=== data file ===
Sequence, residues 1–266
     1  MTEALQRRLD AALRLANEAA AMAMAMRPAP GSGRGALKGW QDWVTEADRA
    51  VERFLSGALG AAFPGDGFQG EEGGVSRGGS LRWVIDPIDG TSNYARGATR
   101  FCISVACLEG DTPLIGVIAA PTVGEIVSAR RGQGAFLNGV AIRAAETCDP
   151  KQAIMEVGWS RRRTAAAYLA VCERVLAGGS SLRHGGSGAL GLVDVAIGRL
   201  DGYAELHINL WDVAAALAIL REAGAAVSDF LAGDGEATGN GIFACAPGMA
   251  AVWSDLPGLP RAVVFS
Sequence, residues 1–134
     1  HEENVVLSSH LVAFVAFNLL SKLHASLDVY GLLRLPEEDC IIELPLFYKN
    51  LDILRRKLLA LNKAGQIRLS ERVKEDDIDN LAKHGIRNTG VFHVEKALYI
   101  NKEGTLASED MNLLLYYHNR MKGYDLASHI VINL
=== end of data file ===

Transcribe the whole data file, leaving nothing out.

Sequence, residues 1–266
     1  MTEALQRRLD AALRLANEAA AMAMAMRPAP GSGRGALKGW QDWVTEADRA
    51  VERFLSGALG AAFPGDGFQG EEGGVSRGGS LRWVIDPIDG TSNYARGATR
   101  FCISVACLEG DTPLIGVIAA PTVGEIVSAR RGQGAFLNGV AIRAAETCDP
   151  KQAIMEVGWS RRRTAAAYLA VCERVLAGGS SLRHGGSGAL GLVDVAIGRL
   201  DGYAELHINL WDVAAALAIL REAGAAVSDF LAGDGEATGN GIFACAPGMA
   251  AVWSDLPGLP RAVVFS
Sequence, residues 1–134
     1  HEENVVLSSH LVAFVAFNLL SKLHASLDVY GLLRLPEEDC IIELPLFYKN
    51  LDILRRKLLA LNKAGQIRLS ERVKEDDIDN LAKHGIRNTG VFHVEKALYI
   101  NKEGTLASED MNLLLYYHNR MKGYDLASHI VINL